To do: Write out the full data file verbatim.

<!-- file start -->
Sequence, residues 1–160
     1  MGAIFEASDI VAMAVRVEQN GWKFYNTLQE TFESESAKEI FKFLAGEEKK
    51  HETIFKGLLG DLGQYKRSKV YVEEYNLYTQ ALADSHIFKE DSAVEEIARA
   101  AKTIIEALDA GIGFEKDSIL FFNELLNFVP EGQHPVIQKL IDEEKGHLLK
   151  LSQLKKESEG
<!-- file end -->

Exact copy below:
Sequence, residues 1–160
     1  MGAIFEASDI VAMAVRVEQN GWKFYNTLQE TFESESAKEI FKFLAGEEKK
    51  HETIFKGLLG DLGQYKRSKV YVEEYNLYTQ ALADSHIFKE DSAVEEIARA
   101  AKTIIEALDA GIGFEKDSIL FFNELLNFVP EGQHPVIQKL IDEEKGHLLK
   151  LSQLKKESEG